Academic Session 14: Reading 2013
39th Annual Conference and Bookfair
University of Reading
11-13 April 2013
‘Action Painting’: The theatrical and the dramatic in narrative art
Since Michael Fried published Thomas Couture and the Theatricalisation of Action in 19th-Century French Painting in 1970, the history of history painting has been shaped by his idiosyncratic terms, ‘theatricality’ and ‘absorption.’ The first tracks the necessary address to a spectator, on which history painting thrives, while the second posits a sublime unity of viewer and artwork that makes the former superfluous. In Fried’s writings on David, Manet, Courbet, and Menzel, the terms join a Hegelian dance of opposites driving modern art. Yet this subtlety of combination suggests not two phenomena, but one experience described twice, from the inside, as one’s own, and from the outside, as that of a critical bystander.
This panel reopens the case for conceptual analysis of history painting. As the depiction of action, history painting hopes to illuminate motives, feelings, and other inner states, accounting for its frequent absurdity, but also for its fascination. At its best, in the work of David or Fuseli, Barry or Goya, it may be as close a view of other minds as any object affords. And yet this mimetic link between artwork and person, and between both and theatre, has been used to criticise art as duplicitous from Plato to the Situationists. Is the vocabulary of ‘theatricality’ of use to art historians empirically and theoretically? Are other categories, like the dramatic, imitation, spectacle, illusion, etc., more informative? Is a certain psychology of art, or of persons tout court, implied in the critical vocabulary?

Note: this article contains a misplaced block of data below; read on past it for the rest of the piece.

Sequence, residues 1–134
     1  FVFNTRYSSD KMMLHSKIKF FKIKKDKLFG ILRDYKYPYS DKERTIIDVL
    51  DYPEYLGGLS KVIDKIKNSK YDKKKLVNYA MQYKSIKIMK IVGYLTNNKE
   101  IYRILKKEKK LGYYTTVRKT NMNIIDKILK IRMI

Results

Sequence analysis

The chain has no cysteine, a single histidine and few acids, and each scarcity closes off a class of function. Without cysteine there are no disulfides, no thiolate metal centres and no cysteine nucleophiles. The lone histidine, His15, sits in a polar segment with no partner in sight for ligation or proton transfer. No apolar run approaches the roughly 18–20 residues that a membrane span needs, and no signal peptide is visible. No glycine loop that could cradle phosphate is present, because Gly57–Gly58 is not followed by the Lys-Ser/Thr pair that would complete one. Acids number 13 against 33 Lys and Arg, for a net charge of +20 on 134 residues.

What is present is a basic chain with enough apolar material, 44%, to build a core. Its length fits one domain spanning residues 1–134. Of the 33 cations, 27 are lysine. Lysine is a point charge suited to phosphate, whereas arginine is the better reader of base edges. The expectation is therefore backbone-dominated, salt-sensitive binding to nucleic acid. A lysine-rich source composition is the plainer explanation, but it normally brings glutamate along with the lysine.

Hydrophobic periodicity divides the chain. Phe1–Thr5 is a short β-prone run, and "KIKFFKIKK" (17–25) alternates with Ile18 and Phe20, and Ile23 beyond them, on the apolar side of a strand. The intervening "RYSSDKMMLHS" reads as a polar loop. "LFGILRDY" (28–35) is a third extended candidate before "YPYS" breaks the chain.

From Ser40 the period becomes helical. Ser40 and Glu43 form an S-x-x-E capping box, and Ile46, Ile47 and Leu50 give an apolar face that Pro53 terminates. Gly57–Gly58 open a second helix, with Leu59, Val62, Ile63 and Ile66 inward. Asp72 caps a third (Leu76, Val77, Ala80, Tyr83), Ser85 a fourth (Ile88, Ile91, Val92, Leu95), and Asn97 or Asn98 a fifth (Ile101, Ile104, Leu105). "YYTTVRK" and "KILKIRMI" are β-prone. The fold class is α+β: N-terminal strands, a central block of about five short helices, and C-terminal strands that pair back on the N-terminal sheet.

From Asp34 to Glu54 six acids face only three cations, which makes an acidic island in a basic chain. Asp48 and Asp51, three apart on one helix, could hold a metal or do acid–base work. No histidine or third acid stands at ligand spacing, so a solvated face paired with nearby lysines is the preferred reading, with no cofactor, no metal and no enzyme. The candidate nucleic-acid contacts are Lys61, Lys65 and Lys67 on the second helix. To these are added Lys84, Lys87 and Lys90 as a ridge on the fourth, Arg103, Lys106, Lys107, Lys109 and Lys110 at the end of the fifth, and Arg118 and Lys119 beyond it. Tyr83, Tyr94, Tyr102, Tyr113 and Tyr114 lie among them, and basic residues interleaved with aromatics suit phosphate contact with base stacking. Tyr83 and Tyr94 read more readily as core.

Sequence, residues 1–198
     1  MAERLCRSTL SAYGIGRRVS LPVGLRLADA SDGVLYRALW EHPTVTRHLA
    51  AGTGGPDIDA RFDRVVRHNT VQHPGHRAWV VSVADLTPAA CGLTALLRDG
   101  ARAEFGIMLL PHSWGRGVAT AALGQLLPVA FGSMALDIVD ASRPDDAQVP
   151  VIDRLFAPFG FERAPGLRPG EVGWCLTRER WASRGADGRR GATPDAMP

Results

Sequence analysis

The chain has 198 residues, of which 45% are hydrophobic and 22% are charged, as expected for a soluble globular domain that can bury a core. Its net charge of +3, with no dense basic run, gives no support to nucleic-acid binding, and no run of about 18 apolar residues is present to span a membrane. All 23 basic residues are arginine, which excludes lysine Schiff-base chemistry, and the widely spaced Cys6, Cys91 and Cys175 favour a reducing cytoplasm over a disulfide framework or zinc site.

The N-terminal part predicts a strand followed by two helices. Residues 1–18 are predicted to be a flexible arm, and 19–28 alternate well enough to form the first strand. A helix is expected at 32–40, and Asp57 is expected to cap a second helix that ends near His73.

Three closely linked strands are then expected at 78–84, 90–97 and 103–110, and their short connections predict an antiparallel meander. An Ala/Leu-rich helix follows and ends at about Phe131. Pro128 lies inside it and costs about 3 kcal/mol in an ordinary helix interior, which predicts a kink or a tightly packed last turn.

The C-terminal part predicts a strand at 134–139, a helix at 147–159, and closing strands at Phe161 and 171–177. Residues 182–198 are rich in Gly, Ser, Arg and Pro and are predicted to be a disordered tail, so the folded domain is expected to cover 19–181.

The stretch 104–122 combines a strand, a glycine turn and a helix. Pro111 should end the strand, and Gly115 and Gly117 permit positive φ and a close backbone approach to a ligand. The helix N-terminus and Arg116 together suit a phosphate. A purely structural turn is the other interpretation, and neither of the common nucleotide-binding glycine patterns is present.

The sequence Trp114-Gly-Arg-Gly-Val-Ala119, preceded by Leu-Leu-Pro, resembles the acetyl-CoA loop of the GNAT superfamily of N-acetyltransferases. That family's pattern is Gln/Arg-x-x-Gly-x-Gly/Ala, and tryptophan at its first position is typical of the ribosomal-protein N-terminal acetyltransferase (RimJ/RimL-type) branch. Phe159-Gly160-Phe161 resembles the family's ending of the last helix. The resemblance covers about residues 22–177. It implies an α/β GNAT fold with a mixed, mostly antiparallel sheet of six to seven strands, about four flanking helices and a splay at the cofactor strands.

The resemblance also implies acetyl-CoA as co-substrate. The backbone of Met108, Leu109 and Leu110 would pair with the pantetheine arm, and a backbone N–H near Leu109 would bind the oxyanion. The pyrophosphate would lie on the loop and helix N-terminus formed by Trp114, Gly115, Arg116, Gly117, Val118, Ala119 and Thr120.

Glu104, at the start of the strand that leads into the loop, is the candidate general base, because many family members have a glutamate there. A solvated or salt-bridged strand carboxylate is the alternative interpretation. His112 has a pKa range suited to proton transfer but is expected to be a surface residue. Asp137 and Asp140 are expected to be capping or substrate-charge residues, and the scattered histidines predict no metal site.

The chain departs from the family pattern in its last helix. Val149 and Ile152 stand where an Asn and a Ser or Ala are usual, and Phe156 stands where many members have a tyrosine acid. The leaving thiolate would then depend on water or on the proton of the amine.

Paul Duro (University of Rochester) Diderot and the Paradox of
18th-Century (History) Painting
Nina Lübbren (Anglia Ruskin University, Cambridge) Theatrical absorption, or How to perform contemplative immersion in 19th-century narrative painting
Jeffrey M. Brown (Columbia University) Painting Actors: Arresting history in the paintings of Ellen Terry
Natasha Ruiz-Gómez (University of Essex) Metamorphoses of a History Painting: André Brouillet’s Une Leçon clinique à la Salpêtrière